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News ID: 80524 |
Publish Date: 17:39 - 24 October 2020

No need for alarm as container lines return to the shipyards

Ordering discipline has contributed to stability in the container trades, but new ships will still be needed to meet demand up to 2050.

Several leading containership owners are in talks with Chinese and South Korean yards about newbuilding programes for vessels of up to 23,000 teu, but with the orderbook so low, a fresh injection of capacity in a few years’ time should not destabilise the market.

MSC is one of several container lines said to be in talks with yards about 23,000 teu ship orders.

SHIPBROKERS’ circulars revealing several top container lines are in talks with shipyards about newbuilding projects would have set off alarm bells in industry circles.

Why start ordering again now, just when boxship owners finally seem to have their house in order after decades of market volatility driven largely by supply and demand imbalances?

One of the biggest surprises of the pandemic has been the ability of container lines to behave with uncharacteristic discipline.

Rather than try to fill ships at any cost, with the inevitable price war, they have removed capacity where necessary, and so managed to sustain good rate levels.

The result has been a year that is likely to produce bumper profits, in stark contrast to dire predictions in the early weeks of 2020 that carriers were heading deep into the red.

The recovery has been helped by strong volumes over the summer months as consumer spending recovered in key economies such as the US, and as inventories were replenished.

Underpinning market fundamentals has been the slow pace of ordering over the past year or so. Clarkson Research estimates that boxship capacity ordered in 2019 was more than one third down on 2018 levels, while the figure for 2020 is running at around a 70% decline.

And that is the way it should stay, say some industry leaders.

George Youroukos, executive chairman of Global Ship Lease, said lines’ strategy of not ordering new ships would keep capacity under control.

That, in turn, should ensure that carriers are able to keep producing “these amazing returns," he told a recent Capital Link forum.

Others have said much the same and, with the exception of Hyundai Merchant Marine and its controversial series of 23,000 teu ships that have been delivered this year, the global players have shown impressive restraint. Helping industry sentiment has been the absence of speculative newbuilding activity in recent years.

But is that situation about to change? Are container lines slipping back into their old habits of ordering new ships within weeks of producing better financial results?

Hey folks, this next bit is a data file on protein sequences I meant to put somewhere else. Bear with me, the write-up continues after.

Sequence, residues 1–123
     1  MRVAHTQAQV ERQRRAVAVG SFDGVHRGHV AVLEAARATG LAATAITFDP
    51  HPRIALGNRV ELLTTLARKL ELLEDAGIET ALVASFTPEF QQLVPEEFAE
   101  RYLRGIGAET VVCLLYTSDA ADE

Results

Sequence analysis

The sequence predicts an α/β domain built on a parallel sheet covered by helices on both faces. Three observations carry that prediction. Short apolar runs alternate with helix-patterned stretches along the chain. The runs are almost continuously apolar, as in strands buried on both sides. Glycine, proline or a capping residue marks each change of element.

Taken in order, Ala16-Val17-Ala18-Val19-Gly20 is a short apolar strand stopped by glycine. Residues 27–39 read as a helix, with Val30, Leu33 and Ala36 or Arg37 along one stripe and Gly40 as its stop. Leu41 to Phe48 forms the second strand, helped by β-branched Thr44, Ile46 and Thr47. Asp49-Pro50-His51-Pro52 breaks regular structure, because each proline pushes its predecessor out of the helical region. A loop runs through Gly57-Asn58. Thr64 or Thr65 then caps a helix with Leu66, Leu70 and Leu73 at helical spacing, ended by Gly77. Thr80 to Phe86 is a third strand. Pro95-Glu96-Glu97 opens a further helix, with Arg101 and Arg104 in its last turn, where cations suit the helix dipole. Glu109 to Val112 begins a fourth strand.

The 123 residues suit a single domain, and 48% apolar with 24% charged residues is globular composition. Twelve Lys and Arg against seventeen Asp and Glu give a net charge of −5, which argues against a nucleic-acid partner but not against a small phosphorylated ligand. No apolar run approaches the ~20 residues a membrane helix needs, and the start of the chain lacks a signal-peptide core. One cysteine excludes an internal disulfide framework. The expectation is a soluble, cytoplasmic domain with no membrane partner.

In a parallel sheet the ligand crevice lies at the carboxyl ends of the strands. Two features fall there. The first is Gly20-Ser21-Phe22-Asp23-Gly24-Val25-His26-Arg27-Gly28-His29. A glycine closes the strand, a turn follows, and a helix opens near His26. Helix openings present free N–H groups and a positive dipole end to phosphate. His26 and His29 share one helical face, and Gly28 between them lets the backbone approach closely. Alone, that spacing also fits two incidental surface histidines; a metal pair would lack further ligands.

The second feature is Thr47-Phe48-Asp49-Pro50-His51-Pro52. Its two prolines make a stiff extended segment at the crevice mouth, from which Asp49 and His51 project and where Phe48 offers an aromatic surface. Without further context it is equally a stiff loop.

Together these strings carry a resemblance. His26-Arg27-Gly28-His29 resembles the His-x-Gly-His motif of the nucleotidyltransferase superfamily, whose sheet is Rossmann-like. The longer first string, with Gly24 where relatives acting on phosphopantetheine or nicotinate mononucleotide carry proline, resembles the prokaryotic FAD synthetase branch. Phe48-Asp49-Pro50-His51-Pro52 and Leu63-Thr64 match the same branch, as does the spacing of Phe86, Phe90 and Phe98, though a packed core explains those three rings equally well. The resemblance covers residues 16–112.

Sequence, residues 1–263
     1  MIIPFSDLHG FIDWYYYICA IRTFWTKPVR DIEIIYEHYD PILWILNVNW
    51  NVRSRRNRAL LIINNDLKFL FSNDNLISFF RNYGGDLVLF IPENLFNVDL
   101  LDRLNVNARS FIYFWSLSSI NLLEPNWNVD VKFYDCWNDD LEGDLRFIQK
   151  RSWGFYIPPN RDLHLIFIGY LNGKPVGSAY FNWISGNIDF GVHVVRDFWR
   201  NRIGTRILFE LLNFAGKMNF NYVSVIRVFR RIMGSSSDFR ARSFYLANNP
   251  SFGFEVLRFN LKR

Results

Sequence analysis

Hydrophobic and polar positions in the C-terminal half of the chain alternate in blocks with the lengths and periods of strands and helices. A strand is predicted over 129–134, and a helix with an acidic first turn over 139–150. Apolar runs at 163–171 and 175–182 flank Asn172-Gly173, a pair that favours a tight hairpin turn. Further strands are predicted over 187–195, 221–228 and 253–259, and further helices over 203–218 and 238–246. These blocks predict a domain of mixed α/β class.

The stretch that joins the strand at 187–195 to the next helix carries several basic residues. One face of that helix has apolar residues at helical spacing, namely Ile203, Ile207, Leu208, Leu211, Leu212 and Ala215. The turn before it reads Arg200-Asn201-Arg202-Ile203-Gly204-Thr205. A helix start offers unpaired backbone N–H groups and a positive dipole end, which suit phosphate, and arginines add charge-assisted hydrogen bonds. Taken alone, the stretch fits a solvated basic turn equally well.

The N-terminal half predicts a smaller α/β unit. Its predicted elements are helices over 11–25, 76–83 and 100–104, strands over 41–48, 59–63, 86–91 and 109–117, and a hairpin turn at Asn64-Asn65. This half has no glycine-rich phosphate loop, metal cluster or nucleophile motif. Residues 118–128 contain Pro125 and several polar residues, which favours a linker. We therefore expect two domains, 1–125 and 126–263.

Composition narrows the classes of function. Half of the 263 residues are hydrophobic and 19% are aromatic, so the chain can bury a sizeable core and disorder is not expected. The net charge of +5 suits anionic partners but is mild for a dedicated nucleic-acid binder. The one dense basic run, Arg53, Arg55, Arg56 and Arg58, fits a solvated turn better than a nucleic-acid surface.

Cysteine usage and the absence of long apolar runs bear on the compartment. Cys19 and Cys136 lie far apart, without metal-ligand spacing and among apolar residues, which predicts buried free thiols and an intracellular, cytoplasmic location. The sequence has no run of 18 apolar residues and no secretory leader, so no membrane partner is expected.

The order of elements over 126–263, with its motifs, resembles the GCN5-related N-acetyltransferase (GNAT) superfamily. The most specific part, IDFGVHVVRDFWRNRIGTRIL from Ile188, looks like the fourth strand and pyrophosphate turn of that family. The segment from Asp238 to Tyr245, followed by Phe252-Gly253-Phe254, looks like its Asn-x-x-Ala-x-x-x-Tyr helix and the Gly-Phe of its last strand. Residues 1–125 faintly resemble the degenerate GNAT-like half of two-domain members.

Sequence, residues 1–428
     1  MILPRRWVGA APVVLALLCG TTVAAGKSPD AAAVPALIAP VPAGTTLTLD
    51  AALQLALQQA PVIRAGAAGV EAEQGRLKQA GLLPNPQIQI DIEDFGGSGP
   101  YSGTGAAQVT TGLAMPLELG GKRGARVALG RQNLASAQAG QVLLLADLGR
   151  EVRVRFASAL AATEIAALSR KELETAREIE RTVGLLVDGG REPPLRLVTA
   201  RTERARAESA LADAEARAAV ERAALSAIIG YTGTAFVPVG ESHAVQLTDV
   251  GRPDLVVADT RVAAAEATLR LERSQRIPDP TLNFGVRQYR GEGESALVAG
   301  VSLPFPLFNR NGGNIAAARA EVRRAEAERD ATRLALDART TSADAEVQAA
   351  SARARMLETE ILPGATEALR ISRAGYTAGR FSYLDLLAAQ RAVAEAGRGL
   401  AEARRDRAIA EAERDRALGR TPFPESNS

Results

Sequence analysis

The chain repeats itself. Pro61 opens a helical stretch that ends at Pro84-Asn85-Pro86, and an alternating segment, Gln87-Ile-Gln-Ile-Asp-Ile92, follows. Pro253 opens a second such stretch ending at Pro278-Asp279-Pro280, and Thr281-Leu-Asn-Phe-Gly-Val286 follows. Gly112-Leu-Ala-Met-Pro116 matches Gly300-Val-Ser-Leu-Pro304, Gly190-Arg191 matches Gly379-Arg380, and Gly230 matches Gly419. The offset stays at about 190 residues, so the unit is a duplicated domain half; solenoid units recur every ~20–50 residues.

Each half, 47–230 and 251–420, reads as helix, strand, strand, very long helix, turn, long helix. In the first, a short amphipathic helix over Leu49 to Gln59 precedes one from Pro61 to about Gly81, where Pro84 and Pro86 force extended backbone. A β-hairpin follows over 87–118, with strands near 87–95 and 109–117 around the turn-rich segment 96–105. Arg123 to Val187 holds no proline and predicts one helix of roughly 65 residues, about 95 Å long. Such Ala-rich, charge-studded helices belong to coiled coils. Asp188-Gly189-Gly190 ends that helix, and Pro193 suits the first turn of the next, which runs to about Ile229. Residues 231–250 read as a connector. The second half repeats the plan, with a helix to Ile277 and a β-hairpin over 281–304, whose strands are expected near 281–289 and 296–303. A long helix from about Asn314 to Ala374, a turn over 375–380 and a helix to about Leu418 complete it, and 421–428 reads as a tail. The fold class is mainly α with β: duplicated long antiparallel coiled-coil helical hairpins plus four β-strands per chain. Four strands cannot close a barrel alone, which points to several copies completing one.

Mediterranean Shipping Co is now in talks with both Chinese and South Korean yards about a series of six 23,000 teu vessels, according to brokers.

Hapag-Lloyd and Ocean Network Express have also been making inquiries, while Cosco subsidiary OOCL is another line that has been linked to an order for 23,000 teu ships.

It remains to be seen how China’s shipbuilders will collaborate with compatriot leasing lenders to consummate the deals

Evergreen is also in talks with yards, this time for 15,000 teu tonnage. So too is Zodiac Maritime, which is in preliminary discussions with South Korean shipbuilders about an order for four 13,000 teu-15,000 teu units. These sizes provide much greater flexibility than the 23,000 teu class.

All prospective buyers are being tempted by some attractive prices as South Korean and Chinese yards vie for new business. A 23,000 teu ship, for example, would probably cost between $143m and $148m, depending on country of build and specifications.

Prices are lower than those being quoted in the summer, while yards would have charged in excess of $170m when vessels of this size first entered service about seven years ago.

If the reports of renewed ordering activity are correct, does this demonstrate a highly irresponsible attitude on the part of those lines apparently prepared to risk market stability for market share? Not necessarily.

To put the rumoured newbuildings into perspective, the world orderbook right now is estimated to be around 8% of existing fleet capacity. That compares with more than 20% a decade ago and over 60% prior to the 2008/09 financial crash.

New ships will be needed, and anything ordered now will not enter service until 2022 or2023, and then will be required to meet demand up until around 2050.

Of course, there are all sorts of pitfalls to ordering new containerships right now. In addition to unprecedented economic uncertainty, there is also the question of what fuel to burn and how to design ships that will be able to meet as yet unknown emission requirements, and adapt to technological innovations.

But when to order new ships is not an exact science, given the almost endless number of variables that need to be taken into account. Few shipowners are likely to get their timing absolutely right.

The mark of success is to be counter-intuitive in many ways, be prepared to take risks, and to look well into the future rather than be driven by short-term market conditions.

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